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Veröffentlichungen
  • Baum, C. M., Gross, C. (2017): Developing behavior-informed strategies for climate and sustainability policy.Journal of Bioeconomics Special Issue “Transition to Sustainable Economy” 19(1)53-95.
  • Borge, L., Bröring, S. (2017): Exploring effectiveness of technology transfer in interdisciplinary settings- The case of the bioeconomyCreativity and Innovation Management Journal.
  • Bröring, S., Wensing, J. (2017): Functional Ingredients: Market Research. (forthcoming), in: Kirk-Othmer encyclopedia of chemical technology.
  • Butkowski, O., Pakseresht, A., Lagerkvist, C., Bröring, S. (2017): Debunking the Myth of General Consumer Rejection of Green Genetic Engineering: Empirical Evidence from Germany.International Journal of Consumer Studies.
  • Berg, S., Kircher, M., Preschitschek, N., Bröring, S., Schurr, U. (2017): Die Bioökonomie als Kreislauf und Verbundsystem, in: Pietzsch, J Bioökonomie für Einsteiger141-160Springer Spektrum.
  • Bröring, S., Baum, C. M., Butkowski, O., Kircher, M. (2017): Kriterien für den Erfolg der Bioökonomie., in: In J. Pietszch (Ed.), Bioökonomie für Einsteiger161-177Springer Spektrum.
  • Tiso, T., Thies, S., Müller, M., Tsvetanova, L., Carraresi, L., Bröring, S., Jaeger, K.-E., Blank, L. M. (2017): Rhamnolipids: Production, Performance, and Application, in Consequences of Microbial Interactions with Hydrocarbons, Oils, and Lipids: Production of Fuels and Chemicals (Edited by Sang Yup Lee)1-37Springer International PublishingLink.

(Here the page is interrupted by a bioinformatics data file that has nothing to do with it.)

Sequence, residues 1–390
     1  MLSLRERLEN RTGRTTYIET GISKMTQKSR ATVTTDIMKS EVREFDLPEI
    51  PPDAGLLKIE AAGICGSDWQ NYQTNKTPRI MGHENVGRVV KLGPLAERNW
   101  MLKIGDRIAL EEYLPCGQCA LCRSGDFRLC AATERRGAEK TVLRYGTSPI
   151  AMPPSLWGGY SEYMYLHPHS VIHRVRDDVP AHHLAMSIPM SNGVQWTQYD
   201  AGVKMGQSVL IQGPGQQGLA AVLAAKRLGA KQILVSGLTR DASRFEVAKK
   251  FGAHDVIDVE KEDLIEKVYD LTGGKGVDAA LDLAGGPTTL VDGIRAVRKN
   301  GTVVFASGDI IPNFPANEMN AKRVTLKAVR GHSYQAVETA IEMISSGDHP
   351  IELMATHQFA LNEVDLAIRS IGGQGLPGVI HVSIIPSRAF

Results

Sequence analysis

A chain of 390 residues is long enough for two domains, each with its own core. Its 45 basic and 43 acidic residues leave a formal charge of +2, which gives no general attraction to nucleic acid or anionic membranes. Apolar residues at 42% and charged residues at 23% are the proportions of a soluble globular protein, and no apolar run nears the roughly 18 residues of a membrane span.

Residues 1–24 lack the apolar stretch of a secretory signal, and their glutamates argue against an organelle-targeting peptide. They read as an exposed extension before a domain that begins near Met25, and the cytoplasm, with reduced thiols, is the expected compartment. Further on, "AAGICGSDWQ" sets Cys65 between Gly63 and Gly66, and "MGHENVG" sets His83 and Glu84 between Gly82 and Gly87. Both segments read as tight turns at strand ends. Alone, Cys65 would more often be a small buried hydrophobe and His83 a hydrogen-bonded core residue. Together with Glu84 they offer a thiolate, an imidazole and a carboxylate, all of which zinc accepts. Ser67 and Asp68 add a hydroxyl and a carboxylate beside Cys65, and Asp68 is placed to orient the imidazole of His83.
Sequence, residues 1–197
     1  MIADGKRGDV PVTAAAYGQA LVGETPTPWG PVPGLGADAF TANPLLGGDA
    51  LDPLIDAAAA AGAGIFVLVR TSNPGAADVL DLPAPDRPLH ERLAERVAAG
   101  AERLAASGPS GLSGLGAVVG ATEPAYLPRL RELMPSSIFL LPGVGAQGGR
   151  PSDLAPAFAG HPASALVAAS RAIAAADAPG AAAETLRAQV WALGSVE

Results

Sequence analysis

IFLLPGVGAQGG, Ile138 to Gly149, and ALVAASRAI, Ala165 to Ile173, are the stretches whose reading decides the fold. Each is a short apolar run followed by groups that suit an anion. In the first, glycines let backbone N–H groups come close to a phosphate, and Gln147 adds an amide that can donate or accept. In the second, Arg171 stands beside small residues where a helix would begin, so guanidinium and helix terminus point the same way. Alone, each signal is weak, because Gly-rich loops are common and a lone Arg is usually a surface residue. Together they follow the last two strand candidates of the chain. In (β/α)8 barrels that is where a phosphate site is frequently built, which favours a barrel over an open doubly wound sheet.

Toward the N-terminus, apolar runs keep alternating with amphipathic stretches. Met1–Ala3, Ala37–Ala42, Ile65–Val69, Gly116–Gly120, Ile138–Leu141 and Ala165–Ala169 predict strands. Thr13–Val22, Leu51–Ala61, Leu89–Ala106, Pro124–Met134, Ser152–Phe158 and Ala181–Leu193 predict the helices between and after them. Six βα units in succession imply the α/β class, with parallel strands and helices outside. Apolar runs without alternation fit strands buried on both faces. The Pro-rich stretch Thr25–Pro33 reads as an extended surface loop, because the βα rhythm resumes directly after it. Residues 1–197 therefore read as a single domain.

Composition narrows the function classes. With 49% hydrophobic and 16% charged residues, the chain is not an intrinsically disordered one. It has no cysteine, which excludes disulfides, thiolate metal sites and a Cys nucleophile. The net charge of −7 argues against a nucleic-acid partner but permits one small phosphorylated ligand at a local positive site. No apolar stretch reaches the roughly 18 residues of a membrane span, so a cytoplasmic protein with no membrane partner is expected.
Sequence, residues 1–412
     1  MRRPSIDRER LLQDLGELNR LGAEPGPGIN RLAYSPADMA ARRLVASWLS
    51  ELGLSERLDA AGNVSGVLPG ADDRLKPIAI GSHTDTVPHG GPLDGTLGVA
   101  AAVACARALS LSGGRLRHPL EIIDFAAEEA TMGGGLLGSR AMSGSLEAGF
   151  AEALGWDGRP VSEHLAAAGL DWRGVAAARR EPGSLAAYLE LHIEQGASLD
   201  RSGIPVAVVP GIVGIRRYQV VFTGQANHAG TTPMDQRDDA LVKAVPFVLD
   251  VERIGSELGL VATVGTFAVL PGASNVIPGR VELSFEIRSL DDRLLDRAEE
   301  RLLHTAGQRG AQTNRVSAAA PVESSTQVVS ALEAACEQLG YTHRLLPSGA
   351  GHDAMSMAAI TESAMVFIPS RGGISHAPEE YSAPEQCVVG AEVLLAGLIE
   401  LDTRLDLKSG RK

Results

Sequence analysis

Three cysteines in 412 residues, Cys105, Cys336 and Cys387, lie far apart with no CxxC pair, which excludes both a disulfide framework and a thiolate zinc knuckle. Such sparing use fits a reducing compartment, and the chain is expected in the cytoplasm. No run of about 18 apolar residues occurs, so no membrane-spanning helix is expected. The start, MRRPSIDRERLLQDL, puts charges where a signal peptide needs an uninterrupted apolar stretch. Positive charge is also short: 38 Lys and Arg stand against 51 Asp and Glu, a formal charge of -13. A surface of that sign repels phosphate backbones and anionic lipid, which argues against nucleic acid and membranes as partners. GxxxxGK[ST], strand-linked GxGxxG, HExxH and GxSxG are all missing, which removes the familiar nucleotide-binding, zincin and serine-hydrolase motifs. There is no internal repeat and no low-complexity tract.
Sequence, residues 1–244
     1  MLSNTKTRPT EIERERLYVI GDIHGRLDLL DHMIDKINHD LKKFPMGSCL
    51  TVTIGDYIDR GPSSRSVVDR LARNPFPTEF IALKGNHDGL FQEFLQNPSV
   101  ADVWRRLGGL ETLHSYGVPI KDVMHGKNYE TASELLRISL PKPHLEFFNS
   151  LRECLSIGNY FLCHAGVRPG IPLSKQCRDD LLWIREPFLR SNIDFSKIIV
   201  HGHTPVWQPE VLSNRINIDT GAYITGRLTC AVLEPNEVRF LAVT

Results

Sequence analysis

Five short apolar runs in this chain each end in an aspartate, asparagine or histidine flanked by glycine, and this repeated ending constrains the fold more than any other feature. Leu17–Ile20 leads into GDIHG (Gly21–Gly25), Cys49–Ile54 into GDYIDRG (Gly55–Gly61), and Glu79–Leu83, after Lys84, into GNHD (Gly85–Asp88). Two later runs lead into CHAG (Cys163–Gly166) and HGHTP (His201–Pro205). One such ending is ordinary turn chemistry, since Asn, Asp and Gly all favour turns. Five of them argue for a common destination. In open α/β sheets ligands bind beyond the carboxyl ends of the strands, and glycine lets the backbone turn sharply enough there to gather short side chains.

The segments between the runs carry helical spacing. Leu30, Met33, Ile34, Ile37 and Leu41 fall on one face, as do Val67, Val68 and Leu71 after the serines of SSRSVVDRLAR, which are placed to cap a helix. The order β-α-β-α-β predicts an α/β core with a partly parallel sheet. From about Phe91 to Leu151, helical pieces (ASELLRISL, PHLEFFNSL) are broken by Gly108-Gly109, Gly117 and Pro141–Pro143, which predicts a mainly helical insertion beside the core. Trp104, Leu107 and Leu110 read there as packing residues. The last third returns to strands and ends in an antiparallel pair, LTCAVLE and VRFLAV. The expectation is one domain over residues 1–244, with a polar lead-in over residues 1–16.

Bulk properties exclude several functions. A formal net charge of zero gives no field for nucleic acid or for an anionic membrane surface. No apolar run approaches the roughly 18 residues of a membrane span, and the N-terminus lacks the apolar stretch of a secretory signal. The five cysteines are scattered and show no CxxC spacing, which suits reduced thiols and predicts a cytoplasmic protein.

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(2) Innovation management within firms, value chains and networks

Despite the fact that OECD has traditionally classified the food industry as a low-tech sector, it is widely recognised that new products and processes are increasingly needed to establish stronger foundations for competitiveness, as well as are pivotal for companies to face emerging global challenges. At the same time, though, this sector is mainly composed by SMEs which usually face challenges associated with limited resources and qualified personnel for R&D, thus representing barriers that hamper agri-food SMEs from innovating and being competitive. To overcome those hurdles, we are witnessing new dynamics, such as open innovation, cross-industry innovation and/or systemic innovation as well as the emergence of novel product categories and new technology platforms across different value chains, which in turn imply new regulatory settings. Our research group thus strives to empirically analyse innovation- and technology management in the agri-food sector to investigate how SMEs as well as large firms coexist, compete and/or collaborate in new organizational forms across complex value chains and networks and how the aforementioned new dynamics are currently implemented within agri-food value chains and networks. Moreover, we evaluate those dynamics also in a bio-economic perspective by empirically analysing the emergence of novel value chains consequent to the introduction of product/process innovations and/or cascading usage of agricultural by-products/waste aimed at addressing global challenges such as resource scarcity (e.g. phosphorus). Furthermore, we seek to contribute to the understanding of the interplay between regulation and public/private standards and innovation in the agri-food chain. Overall, examples of research questions we have worked/are working on are:

  • What drives cross-industry innovation?
  • What drives the emergence of novel value chains based on the valorisation of agricultural by-products?
  • What do we know on systemic innovation in the food chain?
  • Does food regulation foster innovation?

By answering these questions we seek to further contribute to innovation management research in the complex agri-food sector and its related values chains. Our data include qualitative and quantitative primary and secondary (i.e. Community Innovation Survey database) sources, whereas methods entail multivariate statistics, as well as qualitative content analysis

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